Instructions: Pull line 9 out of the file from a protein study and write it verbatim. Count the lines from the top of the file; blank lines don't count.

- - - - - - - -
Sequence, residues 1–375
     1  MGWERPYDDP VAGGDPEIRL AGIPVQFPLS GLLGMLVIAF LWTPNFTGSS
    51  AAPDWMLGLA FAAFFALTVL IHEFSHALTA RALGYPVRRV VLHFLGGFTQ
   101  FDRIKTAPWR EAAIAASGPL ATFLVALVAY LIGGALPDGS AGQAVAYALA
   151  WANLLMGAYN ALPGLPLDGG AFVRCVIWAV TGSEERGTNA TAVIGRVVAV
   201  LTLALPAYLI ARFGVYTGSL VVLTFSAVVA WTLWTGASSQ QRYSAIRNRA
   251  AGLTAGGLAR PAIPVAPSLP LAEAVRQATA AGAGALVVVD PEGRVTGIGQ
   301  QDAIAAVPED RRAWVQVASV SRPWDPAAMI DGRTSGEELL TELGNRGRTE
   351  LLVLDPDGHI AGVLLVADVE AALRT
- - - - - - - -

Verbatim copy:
   351  LLVLDPDGHI AGVLLVADVE AALRT